The Mitchell Institute in Melbourne published an article in which it urged the United States Air Force not to cut spending on a program for the construction of promising B-21 invisible bombers. The author of the report is a former pilot of the US bomber Mark Gansinger. The American edition of Military Watch gives a brief description of this military aircraft and explains how many such bombers are needed to break into the territory of the Russian Federation.
Gansinger writes that to neutralize a large number of combat targets, it is better to use the B-21 than cruise missiles. The Mitchell Institute report calls for the creation of a bomber fleet of at least 316 aircraft. If plans are to be implemented for decommissioning the B-1B and B-2, then about 200 B-21 aircraft will be required to effectively penetrate deep into the Russian airspace.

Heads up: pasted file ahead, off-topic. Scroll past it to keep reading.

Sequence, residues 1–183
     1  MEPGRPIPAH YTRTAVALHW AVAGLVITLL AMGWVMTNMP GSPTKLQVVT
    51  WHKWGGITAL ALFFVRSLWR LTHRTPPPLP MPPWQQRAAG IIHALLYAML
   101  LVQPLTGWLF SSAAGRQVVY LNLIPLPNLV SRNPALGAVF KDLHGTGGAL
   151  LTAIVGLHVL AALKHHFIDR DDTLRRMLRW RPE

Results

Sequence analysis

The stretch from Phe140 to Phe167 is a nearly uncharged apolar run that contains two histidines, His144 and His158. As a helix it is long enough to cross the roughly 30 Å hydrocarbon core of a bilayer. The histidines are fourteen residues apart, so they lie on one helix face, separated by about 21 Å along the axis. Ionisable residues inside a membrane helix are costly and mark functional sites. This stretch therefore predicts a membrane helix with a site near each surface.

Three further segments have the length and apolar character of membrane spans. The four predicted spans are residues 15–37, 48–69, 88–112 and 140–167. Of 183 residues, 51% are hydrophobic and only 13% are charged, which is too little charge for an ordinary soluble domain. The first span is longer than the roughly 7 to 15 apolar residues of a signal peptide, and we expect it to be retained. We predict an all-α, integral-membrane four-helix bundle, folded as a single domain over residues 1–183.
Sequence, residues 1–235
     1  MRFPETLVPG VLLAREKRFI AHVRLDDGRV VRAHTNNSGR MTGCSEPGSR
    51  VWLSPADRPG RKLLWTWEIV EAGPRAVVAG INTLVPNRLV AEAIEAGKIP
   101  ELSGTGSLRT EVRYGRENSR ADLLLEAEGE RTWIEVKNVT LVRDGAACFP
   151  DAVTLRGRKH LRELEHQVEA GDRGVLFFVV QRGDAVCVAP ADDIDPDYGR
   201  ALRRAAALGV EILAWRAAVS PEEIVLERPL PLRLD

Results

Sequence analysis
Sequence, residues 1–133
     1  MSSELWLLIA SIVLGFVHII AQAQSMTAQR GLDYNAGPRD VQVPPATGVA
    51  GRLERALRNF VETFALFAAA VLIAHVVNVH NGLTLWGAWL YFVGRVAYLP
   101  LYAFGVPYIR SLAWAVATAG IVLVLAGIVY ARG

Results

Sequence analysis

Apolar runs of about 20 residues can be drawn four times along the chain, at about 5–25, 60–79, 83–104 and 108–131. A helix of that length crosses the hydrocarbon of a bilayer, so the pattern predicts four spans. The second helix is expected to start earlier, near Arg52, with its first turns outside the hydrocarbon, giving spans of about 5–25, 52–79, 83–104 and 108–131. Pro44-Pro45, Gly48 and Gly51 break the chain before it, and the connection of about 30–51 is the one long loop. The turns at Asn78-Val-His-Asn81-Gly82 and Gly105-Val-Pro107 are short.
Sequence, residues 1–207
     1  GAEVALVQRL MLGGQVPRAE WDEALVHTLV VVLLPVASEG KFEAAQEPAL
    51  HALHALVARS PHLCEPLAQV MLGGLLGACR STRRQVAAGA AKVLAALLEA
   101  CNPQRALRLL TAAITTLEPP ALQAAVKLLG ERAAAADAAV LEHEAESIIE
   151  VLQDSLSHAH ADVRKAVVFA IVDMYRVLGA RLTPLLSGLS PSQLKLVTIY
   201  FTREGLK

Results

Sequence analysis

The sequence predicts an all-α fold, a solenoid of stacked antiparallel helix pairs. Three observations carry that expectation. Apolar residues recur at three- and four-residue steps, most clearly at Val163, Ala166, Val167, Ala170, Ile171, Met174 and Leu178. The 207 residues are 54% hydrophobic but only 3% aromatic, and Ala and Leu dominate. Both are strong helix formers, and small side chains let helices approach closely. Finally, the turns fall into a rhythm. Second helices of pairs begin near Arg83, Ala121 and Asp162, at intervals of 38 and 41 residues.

The first prototype invisible bomber will be created in 2020, and it is expected that the B-21 will eventually replace the B-1B and B-2. The bomber uses a wing similar to the B-2, but smaller. The aircraft will have a much more pronounced stealth design and more modern electronic systems, while maintaining the intercontinental flight range. The B-21 has much lower operating costs and less stringent maintenance requirements, which were a major unresolved issue for the B-2.
Hypersonic unmanned aerial vehicle SR-72
Along with the B-21, the US is also developing a combat version of the hypersonic unmanned spacecraft SR-72, capable of performing the tasks of a bomber. The SR-72 will be able to provide an expensive, but substantial complement to American intercontinental strike capabilities. It is planned to use a sixth generation fighter as an escort to the B-21.